- Franco Cilia / vocals
- Elena Infantino / backing vocals

1. "Preludio (Hybla)" (2:27) (4.5/5)

2. "Guardia alle mura" (1:30) fast-paced gorse race guitars. (4.5/5)

3. "Guerra Agli Invasori" (1:06) Norse-like sea shanty feel to it. Fun and different. (4.5/5)

4. "La resa" (1:06) smooth, beautiful music over which operatic female vocalise and metal (and jazz) guitars solo. Impressive! (4.75/5) 
5. "Le invasioni" (1:23) (4.25/5)

6. "La regina di Cipro" (2:30) female singing in English over similar music to "La resa"--then joined by antiphonal male repeater and then Russian basso profundo. (4.5/5)
7. "Infuria la battaglia" (2:16) great male operatic vocal over heavy prog (4.75/5)

8. "Enrico VI e la corona di ferro" (1:23) more rock opera action. (4.5/5)

9. "Veglia funebre per il conte Guglielmo" (2:01) a bit of a MAGMA feel to this one. Nice lead guitar play. And Jew's harp! (4.5/5)
10. "La principessa triste" (4:19) more gentle palette with picked 12-string guitar, Mellotron, delicately sung male vocal. Gets heavier and more theatric in the second minute. Another big shift at 2:20--all instruments go soaring--before coming back to acoustic foundations for the final minute and a quarter. (9/10)

11. "Manfredi Chiaramonte" (2:50) carries forward the more acoustically founded palette from the previous song, letting violin and harpsichord take the leads above harmonized voice choir vocalise and synths. This all twists and turns until it becomes a kind of parade-like march for its final minute. (8.75/10)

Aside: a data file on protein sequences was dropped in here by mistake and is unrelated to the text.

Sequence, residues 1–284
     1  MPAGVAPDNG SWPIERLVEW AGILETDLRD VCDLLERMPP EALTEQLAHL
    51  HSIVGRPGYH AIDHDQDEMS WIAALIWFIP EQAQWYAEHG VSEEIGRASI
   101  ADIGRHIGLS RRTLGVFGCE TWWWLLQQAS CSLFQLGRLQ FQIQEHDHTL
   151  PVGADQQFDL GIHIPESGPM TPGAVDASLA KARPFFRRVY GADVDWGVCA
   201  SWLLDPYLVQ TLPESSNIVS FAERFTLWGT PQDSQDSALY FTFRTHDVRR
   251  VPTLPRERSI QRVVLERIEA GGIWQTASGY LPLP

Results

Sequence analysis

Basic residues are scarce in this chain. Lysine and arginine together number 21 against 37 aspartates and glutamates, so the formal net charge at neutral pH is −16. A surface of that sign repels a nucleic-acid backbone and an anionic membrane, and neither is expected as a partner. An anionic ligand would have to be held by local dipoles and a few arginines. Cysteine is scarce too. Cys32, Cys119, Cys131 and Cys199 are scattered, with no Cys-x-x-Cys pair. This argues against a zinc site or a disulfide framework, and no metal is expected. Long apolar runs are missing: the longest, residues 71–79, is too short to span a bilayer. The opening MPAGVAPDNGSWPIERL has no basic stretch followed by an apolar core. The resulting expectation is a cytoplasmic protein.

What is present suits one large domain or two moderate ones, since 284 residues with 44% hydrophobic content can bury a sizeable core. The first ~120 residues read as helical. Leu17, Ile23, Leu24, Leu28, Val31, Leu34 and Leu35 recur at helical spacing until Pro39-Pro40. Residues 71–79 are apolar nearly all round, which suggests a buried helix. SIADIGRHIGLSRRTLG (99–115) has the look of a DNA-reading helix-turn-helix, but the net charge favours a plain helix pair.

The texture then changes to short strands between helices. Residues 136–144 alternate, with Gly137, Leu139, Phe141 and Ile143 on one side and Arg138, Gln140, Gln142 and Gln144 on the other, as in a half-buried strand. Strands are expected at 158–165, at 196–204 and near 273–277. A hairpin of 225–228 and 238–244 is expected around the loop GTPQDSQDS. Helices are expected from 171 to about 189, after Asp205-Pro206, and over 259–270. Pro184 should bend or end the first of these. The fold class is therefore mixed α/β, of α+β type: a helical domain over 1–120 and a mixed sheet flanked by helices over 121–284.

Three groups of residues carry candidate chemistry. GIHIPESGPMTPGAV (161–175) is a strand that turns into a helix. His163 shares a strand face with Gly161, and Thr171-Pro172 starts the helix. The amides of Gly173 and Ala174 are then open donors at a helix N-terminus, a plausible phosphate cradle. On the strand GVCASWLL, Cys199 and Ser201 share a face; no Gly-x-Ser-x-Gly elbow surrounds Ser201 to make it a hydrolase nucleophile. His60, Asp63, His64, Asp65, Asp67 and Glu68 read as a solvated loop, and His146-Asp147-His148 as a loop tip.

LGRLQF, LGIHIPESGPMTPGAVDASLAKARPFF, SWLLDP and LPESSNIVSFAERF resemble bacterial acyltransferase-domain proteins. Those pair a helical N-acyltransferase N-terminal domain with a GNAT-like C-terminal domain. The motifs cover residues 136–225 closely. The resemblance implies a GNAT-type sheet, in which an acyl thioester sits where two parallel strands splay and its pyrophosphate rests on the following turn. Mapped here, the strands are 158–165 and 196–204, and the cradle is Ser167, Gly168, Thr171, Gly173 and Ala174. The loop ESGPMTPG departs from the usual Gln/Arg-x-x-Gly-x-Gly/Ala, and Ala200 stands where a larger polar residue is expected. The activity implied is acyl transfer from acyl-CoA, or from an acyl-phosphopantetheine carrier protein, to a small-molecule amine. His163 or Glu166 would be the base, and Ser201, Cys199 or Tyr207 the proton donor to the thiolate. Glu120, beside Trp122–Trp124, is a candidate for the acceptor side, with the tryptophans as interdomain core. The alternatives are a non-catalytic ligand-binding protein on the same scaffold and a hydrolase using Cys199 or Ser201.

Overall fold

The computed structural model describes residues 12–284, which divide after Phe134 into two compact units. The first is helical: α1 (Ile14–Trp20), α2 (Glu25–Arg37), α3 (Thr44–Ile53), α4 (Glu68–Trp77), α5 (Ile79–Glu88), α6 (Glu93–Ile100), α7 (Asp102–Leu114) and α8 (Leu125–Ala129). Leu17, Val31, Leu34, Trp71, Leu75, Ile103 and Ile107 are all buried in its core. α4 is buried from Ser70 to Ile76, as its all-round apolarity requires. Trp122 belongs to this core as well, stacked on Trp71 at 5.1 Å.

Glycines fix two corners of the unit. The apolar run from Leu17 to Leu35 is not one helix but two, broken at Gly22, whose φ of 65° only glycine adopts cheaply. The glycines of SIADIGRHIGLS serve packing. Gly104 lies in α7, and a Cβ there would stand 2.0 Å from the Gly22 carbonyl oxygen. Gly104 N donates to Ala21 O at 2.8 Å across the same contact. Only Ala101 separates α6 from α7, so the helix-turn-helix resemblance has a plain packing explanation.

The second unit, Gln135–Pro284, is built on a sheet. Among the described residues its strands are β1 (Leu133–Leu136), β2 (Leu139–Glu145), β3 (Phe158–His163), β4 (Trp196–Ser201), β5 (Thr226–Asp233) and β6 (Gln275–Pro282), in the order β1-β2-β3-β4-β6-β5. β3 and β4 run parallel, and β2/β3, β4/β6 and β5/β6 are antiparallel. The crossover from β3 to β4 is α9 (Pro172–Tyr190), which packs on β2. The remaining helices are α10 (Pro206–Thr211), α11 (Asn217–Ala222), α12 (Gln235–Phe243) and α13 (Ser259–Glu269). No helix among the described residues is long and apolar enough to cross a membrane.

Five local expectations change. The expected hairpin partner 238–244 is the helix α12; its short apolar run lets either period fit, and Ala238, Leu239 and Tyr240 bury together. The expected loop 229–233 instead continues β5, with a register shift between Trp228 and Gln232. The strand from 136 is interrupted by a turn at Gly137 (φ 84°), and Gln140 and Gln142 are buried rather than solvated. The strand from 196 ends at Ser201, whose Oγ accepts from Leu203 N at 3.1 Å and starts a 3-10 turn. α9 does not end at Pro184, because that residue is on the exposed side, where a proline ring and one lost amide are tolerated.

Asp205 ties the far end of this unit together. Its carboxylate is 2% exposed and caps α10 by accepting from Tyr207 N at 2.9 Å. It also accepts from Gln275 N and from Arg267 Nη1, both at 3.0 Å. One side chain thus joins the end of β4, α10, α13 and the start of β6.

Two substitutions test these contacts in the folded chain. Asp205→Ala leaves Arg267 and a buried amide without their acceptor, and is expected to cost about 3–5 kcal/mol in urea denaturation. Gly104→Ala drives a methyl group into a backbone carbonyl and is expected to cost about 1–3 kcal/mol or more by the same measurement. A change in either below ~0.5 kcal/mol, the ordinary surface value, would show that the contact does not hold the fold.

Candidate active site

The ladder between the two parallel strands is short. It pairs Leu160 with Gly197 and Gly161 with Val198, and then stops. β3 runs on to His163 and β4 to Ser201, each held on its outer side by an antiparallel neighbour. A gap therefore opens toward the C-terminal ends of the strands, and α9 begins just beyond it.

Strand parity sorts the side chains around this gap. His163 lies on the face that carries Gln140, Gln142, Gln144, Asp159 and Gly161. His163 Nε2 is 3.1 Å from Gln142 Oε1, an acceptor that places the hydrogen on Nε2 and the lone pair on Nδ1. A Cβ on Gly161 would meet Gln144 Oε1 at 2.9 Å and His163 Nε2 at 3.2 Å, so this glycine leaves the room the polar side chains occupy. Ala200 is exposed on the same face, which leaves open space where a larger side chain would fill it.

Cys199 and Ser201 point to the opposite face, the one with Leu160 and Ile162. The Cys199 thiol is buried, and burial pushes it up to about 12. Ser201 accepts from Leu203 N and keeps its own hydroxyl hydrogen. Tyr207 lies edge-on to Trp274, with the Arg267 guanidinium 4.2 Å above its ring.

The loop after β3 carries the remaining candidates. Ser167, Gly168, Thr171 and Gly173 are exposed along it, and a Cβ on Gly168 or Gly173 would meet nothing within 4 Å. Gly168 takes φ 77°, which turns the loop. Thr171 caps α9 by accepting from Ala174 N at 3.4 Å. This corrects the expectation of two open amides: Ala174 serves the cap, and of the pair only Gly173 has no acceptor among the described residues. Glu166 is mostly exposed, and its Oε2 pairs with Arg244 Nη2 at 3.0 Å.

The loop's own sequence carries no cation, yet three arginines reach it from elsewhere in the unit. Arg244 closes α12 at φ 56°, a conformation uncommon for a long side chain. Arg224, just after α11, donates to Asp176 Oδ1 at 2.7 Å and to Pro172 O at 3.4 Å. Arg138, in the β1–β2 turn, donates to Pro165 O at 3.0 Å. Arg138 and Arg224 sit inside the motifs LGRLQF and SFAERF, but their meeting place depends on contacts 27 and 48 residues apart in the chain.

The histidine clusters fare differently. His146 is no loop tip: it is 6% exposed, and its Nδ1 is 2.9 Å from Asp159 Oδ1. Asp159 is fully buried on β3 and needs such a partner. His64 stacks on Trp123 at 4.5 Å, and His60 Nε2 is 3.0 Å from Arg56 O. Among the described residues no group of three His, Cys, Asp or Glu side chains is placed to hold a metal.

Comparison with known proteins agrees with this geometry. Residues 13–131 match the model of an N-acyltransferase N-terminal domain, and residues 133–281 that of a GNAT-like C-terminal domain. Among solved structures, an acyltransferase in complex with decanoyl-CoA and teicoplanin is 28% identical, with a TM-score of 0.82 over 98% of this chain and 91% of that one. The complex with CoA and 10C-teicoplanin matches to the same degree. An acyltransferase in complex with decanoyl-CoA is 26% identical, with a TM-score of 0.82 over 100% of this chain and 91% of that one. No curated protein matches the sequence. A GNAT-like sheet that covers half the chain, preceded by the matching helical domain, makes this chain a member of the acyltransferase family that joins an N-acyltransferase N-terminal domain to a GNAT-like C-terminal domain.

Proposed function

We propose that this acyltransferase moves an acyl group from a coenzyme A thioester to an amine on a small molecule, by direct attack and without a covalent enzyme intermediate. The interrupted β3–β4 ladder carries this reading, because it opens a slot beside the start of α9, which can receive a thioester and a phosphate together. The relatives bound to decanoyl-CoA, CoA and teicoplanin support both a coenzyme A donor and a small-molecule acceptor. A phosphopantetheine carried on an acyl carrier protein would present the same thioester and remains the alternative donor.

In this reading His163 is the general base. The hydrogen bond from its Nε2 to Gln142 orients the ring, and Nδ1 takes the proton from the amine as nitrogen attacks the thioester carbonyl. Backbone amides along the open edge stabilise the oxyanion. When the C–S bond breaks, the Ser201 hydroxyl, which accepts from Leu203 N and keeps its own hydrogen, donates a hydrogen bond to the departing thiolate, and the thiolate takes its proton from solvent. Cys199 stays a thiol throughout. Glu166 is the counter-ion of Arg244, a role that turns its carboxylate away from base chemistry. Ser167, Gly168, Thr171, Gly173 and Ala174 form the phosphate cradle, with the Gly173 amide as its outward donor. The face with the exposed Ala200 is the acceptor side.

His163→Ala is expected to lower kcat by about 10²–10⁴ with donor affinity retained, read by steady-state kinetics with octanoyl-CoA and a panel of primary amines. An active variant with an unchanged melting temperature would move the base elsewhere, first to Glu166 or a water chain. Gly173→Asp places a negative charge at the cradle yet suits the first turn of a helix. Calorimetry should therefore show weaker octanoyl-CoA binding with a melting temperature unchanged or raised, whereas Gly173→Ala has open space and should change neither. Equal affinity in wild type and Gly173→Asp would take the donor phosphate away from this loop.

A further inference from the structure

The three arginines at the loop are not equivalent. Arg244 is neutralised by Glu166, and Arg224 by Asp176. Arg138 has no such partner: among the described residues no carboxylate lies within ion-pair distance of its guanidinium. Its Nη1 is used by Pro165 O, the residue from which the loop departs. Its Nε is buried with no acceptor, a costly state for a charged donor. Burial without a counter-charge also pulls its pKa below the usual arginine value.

12. "Ballata in onore cel conte" (1:38) using some kind of folk melody, the music takes on a more cheerful, flippant path before a seering electric guitar solo splits the Sgt. Pepper's Hearts Club Band-like song. (4.25/5) 

13. "Un genitore afflitto" (0:36) 

14. "Giovanni Chiaramonte" (1:07) back to more aggressive Hammond and Martin Barre-like guitar rhythm sound & style with rough vocals and violin soloing. (4.25/5)

15. "Giovinastro e Lucsia" (1:47) smooths out with Mellotron and more smooth vocals (lead and choral). (4.25/5)

16. "Simone Chiaramonte" (1:08) up and down instrumental (4.25/5)

17. "La solitudine di Venezia" (3:40) opens with a theme familiar to me from La Coscienzo di Zeno songs, and then some Felona e Sorona themes. When the two-voiced vocal enters, the music shifts to a more RUSH-rock palette. (8.5/10) 

18. "La Fine Dei Chiaramonte" (3:51) a party-like radioplay takes place over some steady music before switching to previously explored styles (one with a Paganini-like guitar solo, the other two slower in the LCdZeno fashion).  (8.75/10)

19. "Rimpianti" (1:40) uses the music from the previous song to segue into a simple but effective male tenor aria. Nice. Powerful and beautiful. (4.75/5)

20. "Bernardo Cabrera" (1:31) opens with a pop sensibility. When the male vocalist and violin enter in tandem, the storytelling continues, being taken over by female vocalist and synth before just as quickly turning into a kind of Flamenco display. (4.75/5)